Throughout the 1900s, state legislatures and the U.S. Congress increasingly created governmental agencies to administer the law. As society became more complicated by population growth, urbanization, industrialization, and the rapid expansion of interstate commerce, people turned to government to do something to regulate the ill effects of these major changes. Agencies were created by the legislative branches to address specific societal concerns.
These agencies were authorized by legislative branches to promulgate rules, which furthered the broad goals of the more general laws that they proscribed in creating each agency. As a very basic and wholly incomplete example, in 1970 the EPA was created by Congress to “Establish and Enforce Environmental Standards.” The EPA, like other administrative agencies, carries out its legislative charge by creating laws called regulations. It is responsible for enforcing those regulations and the laws of Congress which “Establish and Enforce Environmental Standards.”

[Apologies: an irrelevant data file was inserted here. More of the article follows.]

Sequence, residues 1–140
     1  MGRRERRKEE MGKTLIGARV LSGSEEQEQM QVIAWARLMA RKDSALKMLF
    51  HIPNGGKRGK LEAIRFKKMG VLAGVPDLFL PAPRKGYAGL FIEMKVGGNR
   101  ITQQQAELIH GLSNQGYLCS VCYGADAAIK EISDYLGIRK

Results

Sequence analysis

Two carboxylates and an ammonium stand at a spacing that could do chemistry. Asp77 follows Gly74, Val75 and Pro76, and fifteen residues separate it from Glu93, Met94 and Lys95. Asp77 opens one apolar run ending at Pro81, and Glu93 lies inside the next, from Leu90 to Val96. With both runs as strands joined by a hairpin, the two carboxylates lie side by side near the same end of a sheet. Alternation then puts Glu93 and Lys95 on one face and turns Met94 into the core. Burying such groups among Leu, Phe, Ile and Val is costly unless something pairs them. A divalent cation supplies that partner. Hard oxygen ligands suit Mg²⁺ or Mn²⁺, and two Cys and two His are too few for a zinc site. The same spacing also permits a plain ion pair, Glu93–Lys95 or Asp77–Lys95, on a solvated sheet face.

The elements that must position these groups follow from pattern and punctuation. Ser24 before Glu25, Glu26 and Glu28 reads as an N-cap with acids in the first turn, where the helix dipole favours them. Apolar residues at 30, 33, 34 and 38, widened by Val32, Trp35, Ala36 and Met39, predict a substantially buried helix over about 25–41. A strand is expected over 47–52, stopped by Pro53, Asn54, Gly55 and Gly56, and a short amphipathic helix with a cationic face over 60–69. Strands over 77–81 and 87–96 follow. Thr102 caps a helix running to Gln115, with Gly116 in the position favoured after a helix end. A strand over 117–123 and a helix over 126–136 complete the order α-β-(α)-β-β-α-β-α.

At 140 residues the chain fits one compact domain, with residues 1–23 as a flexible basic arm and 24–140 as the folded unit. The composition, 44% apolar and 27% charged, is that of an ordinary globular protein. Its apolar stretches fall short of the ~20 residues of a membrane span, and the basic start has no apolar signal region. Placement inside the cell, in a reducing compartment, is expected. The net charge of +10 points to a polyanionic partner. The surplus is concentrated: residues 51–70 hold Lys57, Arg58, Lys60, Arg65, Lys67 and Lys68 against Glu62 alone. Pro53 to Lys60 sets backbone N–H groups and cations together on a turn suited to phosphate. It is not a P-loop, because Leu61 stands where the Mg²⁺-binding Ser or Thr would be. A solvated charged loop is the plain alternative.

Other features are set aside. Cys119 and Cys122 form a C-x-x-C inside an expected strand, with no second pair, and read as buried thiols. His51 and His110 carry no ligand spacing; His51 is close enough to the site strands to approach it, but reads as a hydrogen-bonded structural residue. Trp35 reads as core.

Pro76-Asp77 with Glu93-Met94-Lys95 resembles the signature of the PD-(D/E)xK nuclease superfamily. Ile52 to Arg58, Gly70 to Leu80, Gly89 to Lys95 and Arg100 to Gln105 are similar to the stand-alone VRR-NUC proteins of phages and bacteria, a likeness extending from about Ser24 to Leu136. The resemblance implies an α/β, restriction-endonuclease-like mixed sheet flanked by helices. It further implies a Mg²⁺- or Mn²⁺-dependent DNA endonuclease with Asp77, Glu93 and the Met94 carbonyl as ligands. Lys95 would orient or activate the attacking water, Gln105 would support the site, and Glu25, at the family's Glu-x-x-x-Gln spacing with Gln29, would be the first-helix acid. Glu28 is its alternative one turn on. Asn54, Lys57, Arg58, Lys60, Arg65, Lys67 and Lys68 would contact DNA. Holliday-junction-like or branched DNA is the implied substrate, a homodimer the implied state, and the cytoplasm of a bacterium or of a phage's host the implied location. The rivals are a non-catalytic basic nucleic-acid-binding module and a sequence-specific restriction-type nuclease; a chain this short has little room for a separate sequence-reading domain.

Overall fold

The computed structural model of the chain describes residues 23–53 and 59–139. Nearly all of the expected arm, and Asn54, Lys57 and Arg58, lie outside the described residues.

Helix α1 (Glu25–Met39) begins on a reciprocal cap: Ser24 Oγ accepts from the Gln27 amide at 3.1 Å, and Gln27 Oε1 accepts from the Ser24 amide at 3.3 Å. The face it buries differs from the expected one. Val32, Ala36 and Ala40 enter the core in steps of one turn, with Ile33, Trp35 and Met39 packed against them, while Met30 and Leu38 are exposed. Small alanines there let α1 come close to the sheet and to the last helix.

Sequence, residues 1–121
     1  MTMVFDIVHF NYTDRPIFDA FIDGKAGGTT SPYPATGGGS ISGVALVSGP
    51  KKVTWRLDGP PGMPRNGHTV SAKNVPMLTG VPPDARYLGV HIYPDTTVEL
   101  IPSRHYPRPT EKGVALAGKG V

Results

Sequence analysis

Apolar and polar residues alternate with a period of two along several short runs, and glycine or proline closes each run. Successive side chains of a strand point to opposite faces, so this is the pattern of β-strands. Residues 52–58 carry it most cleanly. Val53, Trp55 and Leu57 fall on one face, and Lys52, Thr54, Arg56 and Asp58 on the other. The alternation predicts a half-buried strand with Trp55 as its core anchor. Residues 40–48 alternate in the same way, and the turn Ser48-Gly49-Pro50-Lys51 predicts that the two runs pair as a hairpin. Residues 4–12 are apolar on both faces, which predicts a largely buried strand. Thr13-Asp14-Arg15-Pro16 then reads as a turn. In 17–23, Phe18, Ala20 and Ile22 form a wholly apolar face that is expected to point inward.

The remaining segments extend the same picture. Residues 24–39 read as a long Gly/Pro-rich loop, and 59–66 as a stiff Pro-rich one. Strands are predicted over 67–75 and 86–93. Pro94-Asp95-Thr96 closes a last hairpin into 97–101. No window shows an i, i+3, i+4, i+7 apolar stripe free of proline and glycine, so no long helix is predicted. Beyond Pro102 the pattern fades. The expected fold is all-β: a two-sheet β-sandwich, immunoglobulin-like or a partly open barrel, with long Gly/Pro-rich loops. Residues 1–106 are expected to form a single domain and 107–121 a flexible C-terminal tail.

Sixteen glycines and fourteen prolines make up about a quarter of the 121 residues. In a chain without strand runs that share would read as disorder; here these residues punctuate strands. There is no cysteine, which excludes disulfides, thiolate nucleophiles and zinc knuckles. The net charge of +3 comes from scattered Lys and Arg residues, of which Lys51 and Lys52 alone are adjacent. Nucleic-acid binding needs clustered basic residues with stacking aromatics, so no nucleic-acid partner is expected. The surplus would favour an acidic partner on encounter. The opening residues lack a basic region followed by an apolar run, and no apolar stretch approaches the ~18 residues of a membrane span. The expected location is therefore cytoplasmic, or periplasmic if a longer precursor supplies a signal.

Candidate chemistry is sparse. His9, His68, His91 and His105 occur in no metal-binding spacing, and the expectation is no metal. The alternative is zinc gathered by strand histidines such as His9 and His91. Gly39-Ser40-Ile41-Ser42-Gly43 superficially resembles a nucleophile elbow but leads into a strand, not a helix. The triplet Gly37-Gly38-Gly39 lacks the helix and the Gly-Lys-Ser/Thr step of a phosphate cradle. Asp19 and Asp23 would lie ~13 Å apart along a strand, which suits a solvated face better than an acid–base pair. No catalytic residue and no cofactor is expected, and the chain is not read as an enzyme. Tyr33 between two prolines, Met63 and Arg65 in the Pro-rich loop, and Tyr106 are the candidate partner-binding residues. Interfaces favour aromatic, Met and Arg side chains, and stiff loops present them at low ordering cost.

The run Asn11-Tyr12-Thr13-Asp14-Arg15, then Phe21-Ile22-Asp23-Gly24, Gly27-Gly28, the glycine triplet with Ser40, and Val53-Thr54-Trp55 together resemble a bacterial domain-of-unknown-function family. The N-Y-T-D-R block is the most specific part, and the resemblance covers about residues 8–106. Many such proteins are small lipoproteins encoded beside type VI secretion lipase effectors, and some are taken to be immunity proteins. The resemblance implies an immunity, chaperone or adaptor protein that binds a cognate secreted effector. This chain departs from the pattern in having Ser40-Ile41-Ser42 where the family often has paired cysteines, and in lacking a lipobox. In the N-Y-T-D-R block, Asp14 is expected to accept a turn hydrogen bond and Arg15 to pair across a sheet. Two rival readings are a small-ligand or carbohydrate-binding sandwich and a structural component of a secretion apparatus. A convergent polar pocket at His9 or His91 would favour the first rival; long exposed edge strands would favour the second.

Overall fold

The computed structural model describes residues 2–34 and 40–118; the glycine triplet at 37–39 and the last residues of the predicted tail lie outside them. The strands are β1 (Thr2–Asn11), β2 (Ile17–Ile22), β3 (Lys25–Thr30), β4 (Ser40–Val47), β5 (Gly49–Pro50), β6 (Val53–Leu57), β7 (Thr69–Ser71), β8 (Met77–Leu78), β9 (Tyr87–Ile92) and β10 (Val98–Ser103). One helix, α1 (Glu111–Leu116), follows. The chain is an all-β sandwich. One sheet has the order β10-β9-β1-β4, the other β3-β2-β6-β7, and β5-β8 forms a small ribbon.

Although governmental agencies are most commonly organized under the executive branch of government, many scholars have noted that agencies contain elements of all branches of government. Like legislatures, they create laws by issuing regulations. Like the judiciary branch, they adjudicate people’s rights under the laws they administer. Like the executive branch, they enforce the laws through their ability to deprive people governmentally derived benefits and entitlements, such as possessing a license to trade stocks, to practice medicine, or to sell insurance products.